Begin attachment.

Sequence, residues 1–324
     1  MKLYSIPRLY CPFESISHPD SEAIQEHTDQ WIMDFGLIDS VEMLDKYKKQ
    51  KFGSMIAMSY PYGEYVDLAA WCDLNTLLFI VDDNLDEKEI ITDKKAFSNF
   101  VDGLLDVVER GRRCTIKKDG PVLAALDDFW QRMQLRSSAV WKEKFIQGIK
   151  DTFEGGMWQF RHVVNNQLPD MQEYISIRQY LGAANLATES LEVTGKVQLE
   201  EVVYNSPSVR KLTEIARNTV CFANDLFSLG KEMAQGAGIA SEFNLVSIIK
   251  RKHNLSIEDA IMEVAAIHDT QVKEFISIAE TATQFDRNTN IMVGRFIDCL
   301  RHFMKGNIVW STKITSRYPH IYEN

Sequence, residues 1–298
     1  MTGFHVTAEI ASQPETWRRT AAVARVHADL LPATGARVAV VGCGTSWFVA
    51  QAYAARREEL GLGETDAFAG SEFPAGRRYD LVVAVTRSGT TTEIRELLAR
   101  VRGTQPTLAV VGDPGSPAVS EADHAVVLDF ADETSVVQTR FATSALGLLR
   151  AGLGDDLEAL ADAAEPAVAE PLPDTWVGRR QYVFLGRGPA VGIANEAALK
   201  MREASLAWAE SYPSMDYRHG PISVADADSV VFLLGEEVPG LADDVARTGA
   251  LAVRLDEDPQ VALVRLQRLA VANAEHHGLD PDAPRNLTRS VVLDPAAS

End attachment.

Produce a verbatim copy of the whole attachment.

Sequence, residues 1–324
     1  MKLYSIPRLY CPFESISHPD SEAIQEHTDQ WIMDFGLIDS VEMLDKYKKQ
    51  KFGSMIAMSY PYGEYVDLAA WCDLNTLLFI VDDNLDEKEI ITDKKAFSNF
   101  VDGLLDVVER GRRCTIKKDG PVLAALDDFW QRMQLRSSAV WKEKFIQGIK
   151  DTFEGGMWQF RHVVNNQLPD MQEYISIRQY LGAANLATES LEVTGKVQLE
   201  EVVYNSPSVR KLTEIARNTV CFANDLFSLG KEMAQGAGIA SEFNLVSIIK
   251  RKHNLSIEDA IMEVAAIHDT QVKEFISIAE TATQFDRNTN IMVGRFIDCL
   301  RHFMKGNIVW STKITSRYPH IYEN

Sequence, residues 1–298
     1  MTGFHVTAEI ASQPETWRRT AAVARVHADL LPATGARVAV VGCGTSWFVA
    51  QAYAARREEL GLGETDAFAG SEFPAGRRYD LVVAVTRSGT TTEIRELLAR
   101  VRGTQPTLAV VGDPGSPAVS EADHAVVLDF ADETSVVQTR FATSALGLLR
   151  AGLGDDLEAL ADAAEPAVAE PLPDTWVGRR QYVFLGRGPA VGIANEAALK
   201  MREASLAWAE SYPSMDYRHG PISVADADSV VFLLGEEVPG LADDVARTGA
   251  LAVRLDEDPQ VALVRLQRLA VANAEHHGLD PDAPRNLTRS VVLDPAAS